It's the law

If your car is towed, here's a four-step plan to get some relief

If your car is towed, here's a four-step plan to get some relief

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What do you do when this happens?
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Courtesy of Backpack Photography
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For a lawyer who practices mostly commercial litigation, I get this question a lot: “I got towed, and there wasn’t a sign; can I sue them?”

The answer to that question is, “Sort of, but you should figure out if you deserved to be towed before you do.”

We'll get to that.

As we all know, the best way to avoid getting towed is to avoid parking where you’re not supposed to. But there are times when cars get towed when they shouldn’t have been, so here goes.

You should have a four-step plan when it comes to fighting the tow:

1. Preserve the evidence

This is the step that’ll determine whether you should fight or pay the fees and move on. If you come back to where you parked and your car is not where you left it, look for signs designating the area as restricted parking. Take pictures of the signs, and take pictures of where your car was parked. If you can, get the names and contact information of anyone there — witnesses are good. Make a note of what time you parked and what time you got back.

2. Get your car back (although you don’t have to do this before you request a hearing)

If there’s a sign, call that number. If there’s not a sign call the local police department (Texas law requires storage facilities to inform the local police department that they have your car within two hours of receiving it). If you’re not in the city limits, call the county sheriff (they still have two hours to report).

Just so we’re clear, don’t call 911.

Once you find your car and go to pick it up, remember to be polite. You’re probably on camera, and now is not the time to be an advocate. The person behind the counter is probably not going to be persuaded by your legal arguments and appeals to his or her sense or sense of justice.

Make a note of your surroundings and the names of the folks that you deal with. Importantly—and this goes for things in general—remember to read what you sign. They can’t hold your car hostage for anything more than the posted fee, so cross out anything in the papers that releases your rights to seek damages.

3. Take a look at the law and see if the tow was right or wrong

Based on my cocktail party conversations, the most common complaint is, “There wasn’t even a sign!” Actually, that’s probably a valid complaint more often than not. I’ve been looking at the sign requirements, and it’s, well, convoluted.

The relevant sections are here, but generally: there has to be a sign, the sign has to be conspicuous, the sign has to be made of weather-resistant material, the sign has to state who can park in the location and that all others can’t, it has to state, “Unauthorized Vehicles Will Be Towed [or Booted] at Owner’s or Operator’s Expense,” must state the hours and days the towing restrictions are enforced, and it has to give you a phone number you can call, 24 hours a day, to get your car.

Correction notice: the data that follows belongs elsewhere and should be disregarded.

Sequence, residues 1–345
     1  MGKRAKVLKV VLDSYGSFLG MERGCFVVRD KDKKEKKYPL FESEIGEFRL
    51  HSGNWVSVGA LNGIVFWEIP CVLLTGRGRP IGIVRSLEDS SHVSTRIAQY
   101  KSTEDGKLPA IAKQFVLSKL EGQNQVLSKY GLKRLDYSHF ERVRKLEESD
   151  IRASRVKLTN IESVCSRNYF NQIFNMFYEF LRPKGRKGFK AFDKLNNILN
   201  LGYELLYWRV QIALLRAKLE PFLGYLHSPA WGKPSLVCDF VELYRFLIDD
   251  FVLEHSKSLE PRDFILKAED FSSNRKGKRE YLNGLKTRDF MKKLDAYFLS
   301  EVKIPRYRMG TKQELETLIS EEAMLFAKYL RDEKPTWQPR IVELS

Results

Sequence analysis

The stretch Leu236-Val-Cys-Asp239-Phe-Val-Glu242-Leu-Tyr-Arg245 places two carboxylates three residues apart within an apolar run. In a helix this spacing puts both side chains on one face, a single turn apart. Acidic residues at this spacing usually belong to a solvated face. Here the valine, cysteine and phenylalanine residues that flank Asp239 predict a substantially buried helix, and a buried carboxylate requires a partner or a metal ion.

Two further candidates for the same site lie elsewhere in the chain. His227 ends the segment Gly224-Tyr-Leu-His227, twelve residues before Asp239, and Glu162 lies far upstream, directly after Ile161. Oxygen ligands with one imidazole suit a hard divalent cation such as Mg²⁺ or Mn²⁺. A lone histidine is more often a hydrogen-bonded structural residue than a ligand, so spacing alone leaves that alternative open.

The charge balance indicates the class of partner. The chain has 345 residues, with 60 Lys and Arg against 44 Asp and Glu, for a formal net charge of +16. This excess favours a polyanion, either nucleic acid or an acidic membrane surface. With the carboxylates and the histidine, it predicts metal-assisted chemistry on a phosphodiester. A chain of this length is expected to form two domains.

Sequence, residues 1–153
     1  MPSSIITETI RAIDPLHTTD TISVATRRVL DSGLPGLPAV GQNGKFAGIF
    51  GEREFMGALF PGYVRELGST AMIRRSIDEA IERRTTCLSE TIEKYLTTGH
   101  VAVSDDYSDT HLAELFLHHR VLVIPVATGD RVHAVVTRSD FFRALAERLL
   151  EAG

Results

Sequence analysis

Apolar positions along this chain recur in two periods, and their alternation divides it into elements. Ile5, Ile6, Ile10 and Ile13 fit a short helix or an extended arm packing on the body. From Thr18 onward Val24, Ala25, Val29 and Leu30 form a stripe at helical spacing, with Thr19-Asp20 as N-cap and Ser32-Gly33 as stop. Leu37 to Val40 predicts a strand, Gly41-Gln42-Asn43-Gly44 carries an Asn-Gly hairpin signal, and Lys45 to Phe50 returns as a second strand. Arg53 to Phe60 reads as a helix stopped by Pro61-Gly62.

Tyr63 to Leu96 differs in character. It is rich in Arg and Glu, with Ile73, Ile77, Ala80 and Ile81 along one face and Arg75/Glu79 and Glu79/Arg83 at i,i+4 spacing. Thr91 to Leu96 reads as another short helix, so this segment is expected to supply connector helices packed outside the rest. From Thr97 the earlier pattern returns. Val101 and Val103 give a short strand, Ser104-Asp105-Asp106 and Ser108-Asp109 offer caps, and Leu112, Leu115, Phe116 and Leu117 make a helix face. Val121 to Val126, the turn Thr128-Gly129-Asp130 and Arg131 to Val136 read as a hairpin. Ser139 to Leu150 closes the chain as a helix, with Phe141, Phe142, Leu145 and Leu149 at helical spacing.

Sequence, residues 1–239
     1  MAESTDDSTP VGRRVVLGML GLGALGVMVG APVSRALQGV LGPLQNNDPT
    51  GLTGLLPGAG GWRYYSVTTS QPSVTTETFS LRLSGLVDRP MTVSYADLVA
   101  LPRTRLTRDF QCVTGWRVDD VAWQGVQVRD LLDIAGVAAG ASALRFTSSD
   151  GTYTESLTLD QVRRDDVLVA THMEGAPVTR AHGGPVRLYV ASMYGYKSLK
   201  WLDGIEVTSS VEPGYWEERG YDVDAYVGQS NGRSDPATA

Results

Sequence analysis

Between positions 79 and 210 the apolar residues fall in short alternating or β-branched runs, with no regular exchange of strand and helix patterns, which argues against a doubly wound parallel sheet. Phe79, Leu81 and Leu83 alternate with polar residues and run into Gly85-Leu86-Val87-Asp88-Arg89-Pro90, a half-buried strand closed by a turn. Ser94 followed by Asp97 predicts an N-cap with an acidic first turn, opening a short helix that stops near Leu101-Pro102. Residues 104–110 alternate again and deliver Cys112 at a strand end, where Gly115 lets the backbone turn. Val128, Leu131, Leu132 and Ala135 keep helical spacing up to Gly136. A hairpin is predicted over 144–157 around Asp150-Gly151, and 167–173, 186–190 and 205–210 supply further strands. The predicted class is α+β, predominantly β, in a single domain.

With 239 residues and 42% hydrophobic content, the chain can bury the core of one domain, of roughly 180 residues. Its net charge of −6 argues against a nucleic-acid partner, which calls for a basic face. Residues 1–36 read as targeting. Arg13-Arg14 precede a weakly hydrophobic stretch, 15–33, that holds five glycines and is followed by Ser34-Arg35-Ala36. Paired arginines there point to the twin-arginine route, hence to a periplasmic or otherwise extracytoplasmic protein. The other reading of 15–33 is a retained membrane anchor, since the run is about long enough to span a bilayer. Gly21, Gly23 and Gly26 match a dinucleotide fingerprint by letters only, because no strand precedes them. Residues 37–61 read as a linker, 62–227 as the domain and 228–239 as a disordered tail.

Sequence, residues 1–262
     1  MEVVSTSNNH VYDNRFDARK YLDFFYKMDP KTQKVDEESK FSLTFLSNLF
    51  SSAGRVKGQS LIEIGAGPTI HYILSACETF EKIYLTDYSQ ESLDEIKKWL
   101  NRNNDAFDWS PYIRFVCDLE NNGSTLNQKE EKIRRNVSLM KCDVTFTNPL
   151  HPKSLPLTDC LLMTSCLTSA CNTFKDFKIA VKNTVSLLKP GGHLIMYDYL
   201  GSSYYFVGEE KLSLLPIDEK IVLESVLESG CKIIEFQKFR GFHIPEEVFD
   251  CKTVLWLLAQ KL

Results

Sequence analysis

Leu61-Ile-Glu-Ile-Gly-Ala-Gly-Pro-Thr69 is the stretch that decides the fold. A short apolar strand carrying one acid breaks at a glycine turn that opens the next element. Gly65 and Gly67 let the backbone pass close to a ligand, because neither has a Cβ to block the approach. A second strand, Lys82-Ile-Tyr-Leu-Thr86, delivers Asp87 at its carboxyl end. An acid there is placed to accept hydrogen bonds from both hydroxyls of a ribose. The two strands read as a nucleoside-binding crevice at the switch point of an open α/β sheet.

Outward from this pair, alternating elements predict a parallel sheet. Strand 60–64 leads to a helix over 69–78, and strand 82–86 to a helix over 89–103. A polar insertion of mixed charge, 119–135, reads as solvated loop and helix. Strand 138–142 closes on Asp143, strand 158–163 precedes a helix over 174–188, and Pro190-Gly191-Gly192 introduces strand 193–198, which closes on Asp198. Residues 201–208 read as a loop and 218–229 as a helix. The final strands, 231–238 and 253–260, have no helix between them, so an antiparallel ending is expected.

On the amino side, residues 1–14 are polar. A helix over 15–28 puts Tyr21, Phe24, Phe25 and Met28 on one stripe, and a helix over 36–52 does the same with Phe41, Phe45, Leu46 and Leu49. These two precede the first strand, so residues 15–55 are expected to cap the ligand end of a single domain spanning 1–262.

4. if you think that the tow was wrongful, exercise your right to a “tow hearing"

The hearing will be with the justice of the peace whose precinct includes the location of the tow, so you’ll probably get a fair shake. You can find which court to file in here.

With limited exceptions, you have to request a hearing and pay the $20 filing fee no later than the 14th day after your car was towed, but then you’re entitled to a hearing no later than the 21st day after you requested a hearing. That’s a lot less time to wait for your day in court than filing a lawsuit. There are several specific requirements for the request for hearing, but you can find them on the court website

Once you get your hearing, there are two issues that the court can decide. One is whether there was probable cause for the tow, and the other is whether the charges for the tow and storage were within the statute’s limits. As a practical matter, the real issue at the hearing is going to be “probable cause”.

So, what is “probable cause”? Good question.

One court wrote, “Probable cause exists when reasonably trustworthy facts and circumstances within the knowledge of the [so on, so forth, etc.].” I’m not sure what that even means or how that applies in a tow situation, but the point is, you’re going to have to convince the judge that you were wrongfully towed. If you win, you get your costs and the money you paid for the cost of the tow and storage. But remember, if you lose, the court can make you pay the costs of the hearing. Doesn’t seem fair to me, but unfortunately, fairness and justice aren’t synonymous.

Now, if you go to pick your car up and its totaled, it might be time to call your insurance company . . . .

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This column is written for general informational purposes only. Even small changes in the facts can change the legal posture of individual cases, and the law may impose a deadline for persons to bring claims. Therefore, if you think that you need legal services or expert advice, you should consult a licensed attorney. Unless otherwise noted, the content of this column is based on the laws of the state of Texas.

Jared G. LeBlanc is an attorney licensed to practice in Texas, the United States District Courts for the Northern, Southern, Eastern, and Western Districts of Texas, the United States Court of Appeals for the Fifth Circuit, and the United States Supreme Court.